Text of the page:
That’s all folks…


Almost 6 months, over 1,200 pages read and according to my e-reader, something like 44 hours logged in reading time brings us to the end of War and Peace. Whew!

When we started this reading adventure, I had no idea what to expect. Both BJ and I were skeptical that we would finish the book. I think reading it together definitely helped motivate us both to finish it, and it made it more enjoyable to have someone to talk to about it.

Did I enjoy it?

I think enjoy is a strong word. I didn’t hate it. I don’t think anyone goes into reading this book thinking it will be a breeze to read. Or that it will be an “I’m going to hunker down with a mug of tea on a rainy day and get engrossed in the story” kind of book. There were times that the story moved along and I did enjoy it. And then there were the other times where I wanted to poke my eyes out – mostly when Tolstoy would spend pages expounding on his theory of history or philosophy.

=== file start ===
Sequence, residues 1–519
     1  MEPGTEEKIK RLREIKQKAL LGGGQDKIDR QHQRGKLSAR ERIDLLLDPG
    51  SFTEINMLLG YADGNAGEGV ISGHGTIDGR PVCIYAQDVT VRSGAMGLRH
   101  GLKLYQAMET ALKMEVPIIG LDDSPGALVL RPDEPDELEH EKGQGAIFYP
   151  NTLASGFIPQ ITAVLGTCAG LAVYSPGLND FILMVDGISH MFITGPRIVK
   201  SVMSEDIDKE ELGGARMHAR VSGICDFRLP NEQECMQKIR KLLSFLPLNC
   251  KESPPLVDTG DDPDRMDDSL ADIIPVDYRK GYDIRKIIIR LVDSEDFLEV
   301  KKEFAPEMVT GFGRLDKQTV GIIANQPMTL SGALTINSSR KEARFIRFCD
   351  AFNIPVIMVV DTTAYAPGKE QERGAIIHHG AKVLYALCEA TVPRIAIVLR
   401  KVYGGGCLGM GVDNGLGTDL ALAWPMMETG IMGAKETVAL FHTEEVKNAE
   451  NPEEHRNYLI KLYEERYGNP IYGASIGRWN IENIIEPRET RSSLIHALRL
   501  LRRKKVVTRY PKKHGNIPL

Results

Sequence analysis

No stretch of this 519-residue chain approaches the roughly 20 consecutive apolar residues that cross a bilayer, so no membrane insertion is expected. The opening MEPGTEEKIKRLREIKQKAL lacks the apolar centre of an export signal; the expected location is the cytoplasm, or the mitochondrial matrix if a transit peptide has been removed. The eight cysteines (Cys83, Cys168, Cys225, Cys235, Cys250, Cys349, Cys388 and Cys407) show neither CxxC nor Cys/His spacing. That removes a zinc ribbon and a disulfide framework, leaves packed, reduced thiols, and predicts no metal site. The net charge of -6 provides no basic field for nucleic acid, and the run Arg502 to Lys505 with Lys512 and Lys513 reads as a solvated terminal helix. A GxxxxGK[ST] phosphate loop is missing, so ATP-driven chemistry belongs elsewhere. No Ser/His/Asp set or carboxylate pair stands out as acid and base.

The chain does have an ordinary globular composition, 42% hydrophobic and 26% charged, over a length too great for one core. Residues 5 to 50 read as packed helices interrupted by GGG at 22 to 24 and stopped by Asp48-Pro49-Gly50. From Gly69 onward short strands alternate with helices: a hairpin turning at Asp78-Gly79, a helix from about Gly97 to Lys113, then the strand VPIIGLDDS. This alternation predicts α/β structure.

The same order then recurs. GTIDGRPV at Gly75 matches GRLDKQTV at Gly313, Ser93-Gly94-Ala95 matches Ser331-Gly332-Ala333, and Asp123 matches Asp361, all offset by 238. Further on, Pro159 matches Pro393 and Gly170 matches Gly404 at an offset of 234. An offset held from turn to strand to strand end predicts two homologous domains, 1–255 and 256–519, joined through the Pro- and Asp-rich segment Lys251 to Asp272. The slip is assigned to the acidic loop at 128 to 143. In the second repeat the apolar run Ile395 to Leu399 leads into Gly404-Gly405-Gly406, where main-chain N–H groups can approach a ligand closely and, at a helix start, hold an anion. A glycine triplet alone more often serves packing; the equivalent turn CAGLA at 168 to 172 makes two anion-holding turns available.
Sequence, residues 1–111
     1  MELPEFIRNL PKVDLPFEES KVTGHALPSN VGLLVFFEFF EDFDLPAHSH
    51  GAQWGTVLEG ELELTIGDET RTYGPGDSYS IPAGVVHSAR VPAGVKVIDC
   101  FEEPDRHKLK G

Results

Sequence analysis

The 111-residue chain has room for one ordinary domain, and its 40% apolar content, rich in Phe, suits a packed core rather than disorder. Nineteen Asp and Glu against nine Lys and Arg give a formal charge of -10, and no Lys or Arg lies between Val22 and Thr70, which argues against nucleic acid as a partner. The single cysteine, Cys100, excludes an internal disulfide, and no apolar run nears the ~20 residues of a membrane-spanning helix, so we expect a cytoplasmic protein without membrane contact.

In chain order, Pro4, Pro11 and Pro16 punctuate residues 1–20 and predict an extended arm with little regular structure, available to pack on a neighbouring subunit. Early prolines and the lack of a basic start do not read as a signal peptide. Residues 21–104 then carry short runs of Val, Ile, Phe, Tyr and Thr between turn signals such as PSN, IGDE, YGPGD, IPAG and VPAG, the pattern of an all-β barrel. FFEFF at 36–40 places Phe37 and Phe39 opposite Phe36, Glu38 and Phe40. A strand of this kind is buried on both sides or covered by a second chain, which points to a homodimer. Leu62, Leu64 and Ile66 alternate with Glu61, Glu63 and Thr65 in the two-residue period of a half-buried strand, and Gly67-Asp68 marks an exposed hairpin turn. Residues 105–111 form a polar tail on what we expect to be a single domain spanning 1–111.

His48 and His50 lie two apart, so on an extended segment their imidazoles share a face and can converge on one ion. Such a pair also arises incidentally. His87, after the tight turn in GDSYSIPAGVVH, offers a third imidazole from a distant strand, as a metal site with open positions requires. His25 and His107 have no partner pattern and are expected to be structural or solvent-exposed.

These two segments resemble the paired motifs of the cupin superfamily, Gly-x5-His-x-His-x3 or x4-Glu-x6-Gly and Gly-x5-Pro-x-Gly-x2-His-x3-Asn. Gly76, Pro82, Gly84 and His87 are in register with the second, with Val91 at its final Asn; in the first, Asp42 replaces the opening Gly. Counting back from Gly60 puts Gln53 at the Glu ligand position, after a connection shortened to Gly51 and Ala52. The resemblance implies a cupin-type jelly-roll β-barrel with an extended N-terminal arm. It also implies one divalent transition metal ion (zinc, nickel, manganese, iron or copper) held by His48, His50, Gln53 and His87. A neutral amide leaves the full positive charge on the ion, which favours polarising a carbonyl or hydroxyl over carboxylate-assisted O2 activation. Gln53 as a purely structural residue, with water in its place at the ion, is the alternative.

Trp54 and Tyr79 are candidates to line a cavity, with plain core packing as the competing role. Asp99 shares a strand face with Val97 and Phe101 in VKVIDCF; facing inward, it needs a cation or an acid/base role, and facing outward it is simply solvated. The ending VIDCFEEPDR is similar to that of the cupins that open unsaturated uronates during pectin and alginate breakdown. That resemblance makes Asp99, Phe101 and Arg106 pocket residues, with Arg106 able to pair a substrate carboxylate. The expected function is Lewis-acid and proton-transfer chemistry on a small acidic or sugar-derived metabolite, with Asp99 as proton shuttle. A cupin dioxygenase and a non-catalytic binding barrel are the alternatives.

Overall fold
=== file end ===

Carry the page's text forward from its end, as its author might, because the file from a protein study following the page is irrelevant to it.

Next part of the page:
Am I glad I read it?

Definitely. Part of it is that BJ and I shared the experience, so that made it fun…or “fun”. I did learn a lot about Russia and history and Napoleon. So that was cool. And in a super nerdy way, it is an accomplishment to have read the whole thing.

Would I recommend it to family and friends?

No. Is it a book that gives you an insight into the human condition that you can’t get anywhere else? No. Is it a book that is so ingrained in our popular culture or canon that you have to know it? No.

Was the project a success?